Single in Philly: Are You There, Waffles? It’s Me, Christy

From matchmakers to, I set out to chronicle what dating in Philly is like these days. So how did my heart get involved, too?

At first, the weird, artificial construct of all these “dates” seems too awful to bear. Even though the guys I’ve talked to thus far have been way better than the smirky frat boys and weepy divorcés I envisioned, I still plan to escape at the intermission. But then, sometime around the fourth date, I start to sense a camaraderie developing among some of us, a sort of silent compact to soldier on through four more rounds of small talk in search of a genuine laugh or two. So I grab a couple of cold chicken wings from the hors d’oeuvres plate to fuel up for another half, and I stay.

By the time it’s over, I’ve marked six men as potential friends, and none as dates — could anyone be more than a friend after eight minutes? I log on the next day and find that four of the six men agreed to friendship. One e-mails me; one calls. The other two are MIA, and I don’t wonder where they are. See, the real problem with speed-dating isn’t the cheesy venue or the enormous effort it takes to perform eight acts in a first-date cabaret show. No, it’s that after the flurry of tables and faces, I honestly don’t even remember who they are.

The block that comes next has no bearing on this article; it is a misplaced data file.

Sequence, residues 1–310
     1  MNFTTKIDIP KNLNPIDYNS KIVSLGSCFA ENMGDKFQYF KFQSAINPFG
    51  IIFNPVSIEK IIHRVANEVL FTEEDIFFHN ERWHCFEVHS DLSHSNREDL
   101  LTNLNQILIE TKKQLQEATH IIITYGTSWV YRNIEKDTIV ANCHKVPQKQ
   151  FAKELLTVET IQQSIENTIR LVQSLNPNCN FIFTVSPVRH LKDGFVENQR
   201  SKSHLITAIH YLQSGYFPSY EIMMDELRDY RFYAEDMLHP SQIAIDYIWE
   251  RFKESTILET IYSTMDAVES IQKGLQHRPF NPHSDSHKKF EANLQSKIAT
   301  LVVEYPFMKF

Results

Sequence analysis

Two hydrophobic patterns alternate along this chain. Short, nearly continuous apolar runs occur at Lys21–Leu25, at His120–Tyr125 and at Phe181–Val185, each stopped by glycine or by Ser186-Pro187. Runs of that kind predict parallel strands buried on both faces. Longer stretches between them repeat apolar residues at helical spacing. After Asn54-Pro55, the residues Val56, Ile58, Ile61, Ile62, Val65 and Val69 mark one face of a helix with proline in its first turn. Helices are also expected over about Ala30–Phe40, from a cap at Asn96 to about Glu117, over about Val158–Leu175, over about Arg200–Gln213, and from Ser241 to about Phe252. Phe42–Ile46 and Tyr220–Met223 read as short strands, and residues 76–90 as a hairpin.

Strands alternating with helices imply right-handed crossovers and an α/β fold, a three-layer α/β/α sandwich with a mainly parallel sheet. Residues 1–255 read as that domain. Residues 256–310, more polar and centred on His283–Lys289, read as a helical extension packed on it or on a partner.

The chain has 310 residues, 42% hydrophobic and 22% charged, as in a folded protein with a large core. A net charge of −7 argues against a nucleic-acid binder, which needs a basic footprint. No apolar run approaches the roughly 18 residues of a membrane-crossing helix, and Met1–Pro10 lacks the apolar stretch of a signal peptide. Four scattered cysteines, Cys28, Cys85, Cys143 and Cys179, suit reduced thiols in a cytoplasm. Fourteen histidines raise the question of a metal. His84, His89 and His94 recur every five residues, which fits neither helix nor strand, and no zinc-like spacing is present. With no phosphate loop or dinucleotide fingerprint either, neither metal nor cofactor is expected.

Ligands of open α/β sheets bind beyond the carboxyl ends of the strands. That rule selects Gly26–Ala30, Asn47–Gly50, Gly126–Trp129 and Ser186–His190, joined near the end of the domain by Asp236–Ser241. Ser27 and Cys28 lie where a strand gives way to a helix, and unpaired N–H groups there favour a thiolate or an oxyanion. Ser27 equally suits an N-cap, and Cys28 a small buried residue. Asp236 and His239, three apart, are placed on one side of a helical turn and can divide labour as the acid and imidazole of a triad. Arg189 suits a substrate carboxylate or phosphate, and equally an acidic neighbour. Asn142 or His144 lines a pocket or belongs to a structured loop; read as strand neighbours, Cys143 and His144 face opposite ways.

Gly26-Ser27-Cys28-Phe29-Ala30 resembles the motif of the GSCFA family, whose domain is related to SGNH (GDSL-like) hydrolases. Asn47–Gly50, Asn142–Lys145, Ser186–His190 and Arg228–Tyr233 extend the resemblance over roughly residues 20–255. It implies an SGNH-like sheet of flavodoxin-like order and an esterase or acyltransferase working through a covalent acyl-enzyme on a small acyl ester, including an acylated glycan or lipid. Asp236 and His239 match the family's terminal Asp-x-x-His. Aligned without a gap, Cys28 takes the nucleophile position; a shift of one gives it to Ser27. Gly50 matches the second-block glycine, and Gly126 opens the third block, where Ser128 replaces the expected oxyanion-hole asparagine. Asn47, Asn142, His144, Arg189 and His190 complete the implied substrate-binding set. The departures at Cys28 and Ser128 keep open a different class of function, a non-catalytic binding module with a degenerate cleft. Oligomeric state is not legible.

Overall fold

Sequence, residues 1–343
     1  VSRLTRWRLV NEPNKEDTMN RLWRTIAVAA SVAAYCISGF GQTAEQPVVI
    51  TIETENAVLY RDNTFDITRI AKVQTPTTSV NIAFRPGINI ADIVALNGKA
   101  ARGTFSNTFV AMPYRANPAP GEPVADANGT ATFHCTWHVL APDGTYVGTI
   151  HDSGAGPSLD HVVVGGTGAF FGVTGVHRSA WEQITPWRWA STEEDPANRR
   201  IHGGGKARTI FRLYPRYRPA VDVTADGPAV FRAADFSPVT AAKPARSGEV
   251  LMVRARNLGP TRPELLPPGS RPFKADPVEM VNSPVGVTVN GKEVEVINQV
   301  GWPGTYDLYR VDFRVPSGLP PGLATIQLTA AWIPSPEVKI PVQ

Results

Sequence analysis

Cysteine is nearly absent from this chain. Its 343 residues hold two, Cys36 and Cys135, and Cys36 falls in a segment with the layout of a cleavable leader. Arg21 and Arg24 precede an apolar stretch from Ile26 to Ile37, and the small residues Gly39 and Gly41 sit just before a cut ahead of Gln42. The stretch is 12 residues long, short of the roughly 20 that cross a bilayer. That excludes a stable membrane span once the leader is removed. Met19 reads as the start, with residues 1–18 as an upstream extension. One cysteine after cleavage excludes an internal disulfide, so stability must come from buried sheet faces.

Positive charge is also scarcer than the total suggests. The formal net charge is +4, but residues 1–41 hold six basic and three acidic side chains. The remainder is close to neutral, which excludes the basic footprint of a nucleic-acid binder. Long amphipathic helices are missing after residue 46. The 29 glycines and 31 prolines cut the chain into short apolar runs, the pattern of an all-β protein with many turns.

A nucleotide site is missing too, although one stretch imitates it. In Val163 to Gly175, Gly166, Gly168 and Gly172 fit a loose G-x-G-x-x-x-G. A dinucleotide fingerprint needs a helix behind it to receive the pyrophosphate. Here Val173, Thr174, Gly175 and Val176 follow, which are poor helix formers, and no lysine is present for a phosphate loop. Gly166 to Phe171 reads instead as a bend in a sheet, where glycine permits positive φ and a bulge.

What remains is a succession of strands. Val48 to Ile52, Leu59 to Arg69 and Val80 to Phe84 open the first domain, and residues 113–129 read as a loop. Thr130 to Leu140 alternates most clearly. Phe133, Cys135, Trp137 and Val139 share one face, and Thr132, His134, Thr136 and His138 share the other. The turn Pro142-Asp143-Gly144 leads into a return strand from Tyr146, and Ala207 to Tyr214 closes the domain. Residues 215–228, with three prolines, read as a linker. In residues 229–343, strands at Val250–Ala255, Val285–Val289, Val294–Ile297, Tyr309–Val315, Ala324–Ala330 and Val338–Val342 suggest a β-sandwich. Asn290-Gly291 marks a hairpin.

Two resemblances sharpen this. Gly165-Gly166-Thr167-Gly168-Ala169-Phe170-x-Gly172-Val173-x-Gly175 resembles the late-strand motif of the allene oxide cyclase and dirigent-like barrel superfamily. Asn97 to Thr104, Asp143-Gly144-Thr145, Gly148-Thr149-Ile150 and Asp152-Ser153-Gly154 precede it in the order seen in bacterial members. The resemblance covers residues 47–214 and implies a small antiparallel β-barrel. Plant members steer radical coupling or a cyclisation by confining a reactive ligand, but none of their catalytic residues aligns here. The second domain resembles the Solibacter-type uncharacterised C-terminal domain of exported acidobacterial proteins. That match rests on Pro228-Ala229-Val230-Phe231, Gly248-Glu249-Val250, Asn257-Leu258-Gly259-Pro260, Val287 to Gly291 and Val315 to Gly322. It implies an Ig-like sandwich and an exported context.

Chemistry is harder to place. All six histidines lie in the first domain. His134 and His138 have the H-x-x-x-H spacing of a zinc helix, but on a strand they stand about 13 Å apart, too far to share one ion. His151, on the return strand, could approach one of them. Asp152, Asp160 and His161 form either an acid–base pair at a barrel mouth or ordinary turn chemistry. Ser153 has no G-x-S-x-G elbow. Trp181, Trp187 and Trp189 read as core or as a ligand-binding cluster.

THE WRITER FROM cancels our Monk’s date the next day; he has to work, and wonders if we can reschedule. I’m still tired from speed-dating, and I don’t mind, especially given the daunting week of dates coming up.

What happens after that is a bit of a blur. First, still having heard nothing from Waffles — the crack in the shield widened to a chasm — I finally decide to e-mail. It’s a cheery note about how I think winking may be passive-aggressive, and so hello, your profile caught my eye. I toss in a Mrs. Butterworth joke. I wait. And this time, within minutes, he e-mails back. I clap. (Word spreads in the office — contact with Waffles, hooray!) There’s a little banter; it’s good. I still like his smile. Within a few days, we set up a date for the following week.

Meanwhile, I have a second date with a man I met — all on my own — in Rittenhouse Square a few weeks back. We had gone out before, enjoying a lovely dinner and then bowling at Lucky Strike. Tonight, it’s gorgeous out, and so we visit Parc for a late supper on the sidewalk, where I soak up the easy non-first-dateness of our conversation. It’s nice. Which might be why the next night — another first date, one of the Great Date Now set-ups — feels like so much work. Whatever the reason, something is definitely off. What seemed good on paper was obviously less so at Snackbar. There were, at times, crickets.